I mostly agree, but not entirely. I certainly agree that for the actual needs of most photographers choosing a camera system, it is sufficient for the system to have about two to four lenses that are wanted now or have much likelihood of being wanted later. And if your lens needs later expand in an unanticipated way, selling one system and moving to another is easier than ever these days, so it makes little sense to pass on the system that works best for you now just for fear of some slight possibility that it might cramp you in the unforseen future.
So instead of counting total lens options, one should probably look at the actual list and compare to actual needs and concrete plans.
The point I disagree on is the claim that having only one zoom lens "is a limitation for only a small number of people." The evidence instead suggests that the short list of lenses that most camera system users buy and use includes several zoom lenses. The core list is rather short though; above all:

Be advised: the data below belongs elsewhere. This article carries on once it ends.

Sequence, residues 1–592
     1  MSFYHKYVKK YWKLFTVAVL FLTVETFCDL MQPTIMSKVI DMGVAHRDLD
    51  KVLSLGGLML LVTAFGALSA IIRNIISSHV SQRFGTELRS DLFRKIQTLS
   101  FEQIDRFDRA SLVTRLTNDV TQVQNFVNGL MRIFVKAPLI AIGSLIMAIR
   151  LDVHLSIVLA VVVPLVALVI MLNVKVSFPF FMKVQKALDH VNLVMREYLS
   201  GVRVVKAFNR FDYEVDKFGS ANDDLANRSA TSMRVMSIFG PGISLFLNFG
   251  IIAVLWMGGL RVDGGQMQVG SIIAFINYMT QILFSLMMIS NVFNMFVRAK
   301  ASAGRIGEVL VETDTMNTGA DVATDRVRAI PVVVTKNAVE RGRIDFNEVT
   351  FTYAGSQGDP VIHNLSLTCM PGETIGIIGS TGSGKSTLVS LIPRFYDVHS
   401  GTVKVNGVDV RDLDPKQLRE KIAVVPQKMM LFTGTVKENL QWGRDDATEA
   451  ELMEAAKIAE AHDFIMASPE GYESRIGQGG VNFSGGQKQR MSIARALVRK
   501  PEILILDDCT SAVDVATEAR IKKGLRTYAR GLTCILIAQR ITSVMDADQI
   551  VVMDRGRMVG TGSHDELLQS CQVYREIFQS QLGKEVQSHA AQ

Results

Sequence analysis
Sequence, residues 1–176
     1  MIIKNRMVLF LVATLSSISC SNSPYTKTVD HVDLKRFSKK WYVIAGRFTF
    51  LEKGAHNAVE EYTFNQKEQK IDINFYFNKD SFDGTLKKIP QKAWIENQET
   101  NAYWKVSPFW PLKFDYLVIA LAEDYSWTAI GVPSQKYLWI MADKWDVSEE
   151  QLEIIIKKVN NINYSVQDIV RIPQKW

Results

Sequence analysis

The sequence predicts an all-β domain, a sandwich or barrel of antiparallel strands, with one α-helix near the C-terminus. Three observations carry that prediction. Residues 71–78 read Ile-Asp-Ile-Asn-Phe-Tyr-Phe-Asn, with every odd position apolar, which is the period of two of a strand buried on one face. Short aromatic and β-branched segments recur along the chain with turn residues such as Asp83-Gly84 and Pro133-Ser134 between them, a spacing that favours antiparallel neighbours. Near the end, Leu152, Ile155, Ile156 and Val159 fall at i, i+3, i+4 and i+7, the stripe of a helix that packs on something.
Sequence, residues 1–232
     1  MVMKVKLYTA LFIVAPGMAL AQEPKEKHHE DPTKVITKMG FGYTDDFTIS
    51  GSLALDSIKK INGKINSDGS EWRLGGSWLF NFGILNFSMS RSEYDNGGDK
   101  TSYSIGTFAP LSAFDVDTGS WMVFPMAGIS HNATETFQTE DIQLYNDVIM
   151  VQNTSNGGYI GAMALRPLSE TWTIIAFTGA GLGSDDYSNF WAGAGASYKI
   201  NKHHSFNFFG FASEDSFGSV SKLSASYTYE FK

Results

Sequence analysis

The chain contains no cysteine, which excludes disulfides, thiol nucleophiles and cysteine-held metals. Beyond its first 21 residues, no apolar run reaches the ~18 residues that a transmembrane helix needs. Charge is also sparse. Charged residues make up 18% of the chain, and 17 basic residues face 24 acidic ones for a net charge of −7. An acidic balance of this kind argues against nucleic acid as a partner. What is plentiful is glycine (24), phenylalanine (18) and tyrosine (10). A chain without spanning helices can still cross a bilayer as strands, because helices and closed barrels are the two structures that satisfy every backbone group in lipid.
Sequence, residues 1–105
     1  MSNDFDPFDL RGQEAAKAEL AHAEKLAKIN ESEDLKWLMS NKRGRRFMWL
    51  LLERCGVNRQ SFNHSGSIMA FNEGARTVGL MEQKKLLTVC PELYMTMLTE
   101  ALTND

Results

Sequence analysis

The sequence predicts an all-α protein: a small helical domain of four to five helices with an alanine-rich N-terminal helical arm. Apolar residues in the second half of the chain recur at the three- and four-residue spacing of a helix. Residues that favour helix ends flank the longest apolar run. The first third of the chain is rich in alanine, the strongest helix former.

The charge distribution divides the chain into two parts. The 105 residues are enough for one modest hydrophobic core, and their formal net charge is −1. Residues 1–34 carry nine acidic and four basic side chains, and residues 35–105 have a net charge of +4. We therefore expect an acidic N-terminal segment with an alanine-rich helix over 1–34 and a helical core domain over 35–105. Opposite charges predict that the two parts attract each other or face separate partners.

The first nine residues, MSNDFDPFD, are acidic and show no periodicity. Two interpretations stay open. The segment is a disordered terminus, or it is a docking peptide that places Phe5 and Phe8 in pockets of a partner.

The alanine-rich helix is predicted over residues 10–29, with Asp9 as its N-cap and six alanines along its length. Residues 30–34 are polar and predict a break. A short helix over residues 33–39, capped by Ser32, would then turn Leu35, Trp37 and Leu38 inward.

1. A standard moderate wide to moderate telephoto, 4x better than 3x if this is the only zoom lens
2. A telephoto starting roughly where the #1 zoom leaves off
and then maybe one or both of
3. A wide-angle zoom.
4. An all-in-one wide ranging zoom covering a zoom range of about 8x, 10x or more.
Since the Fujifim X system already has a fine #1 zoom, and has a #2 and #3 in its roadmap for next year athttp://www.fujifilm.com/news/n120626.html
the system does seem well on the way to serving the actual lens needs of all but "a small number of people."
[Edited to add the official source of that lens roadmap.]
That's a fair comment on what I wrote. What was trying to get across is that the totality of available lenses within a system can be an overstated factor for those who know what they like to shoot. Of course, it's useful to have a system that can adapt to your changing needs.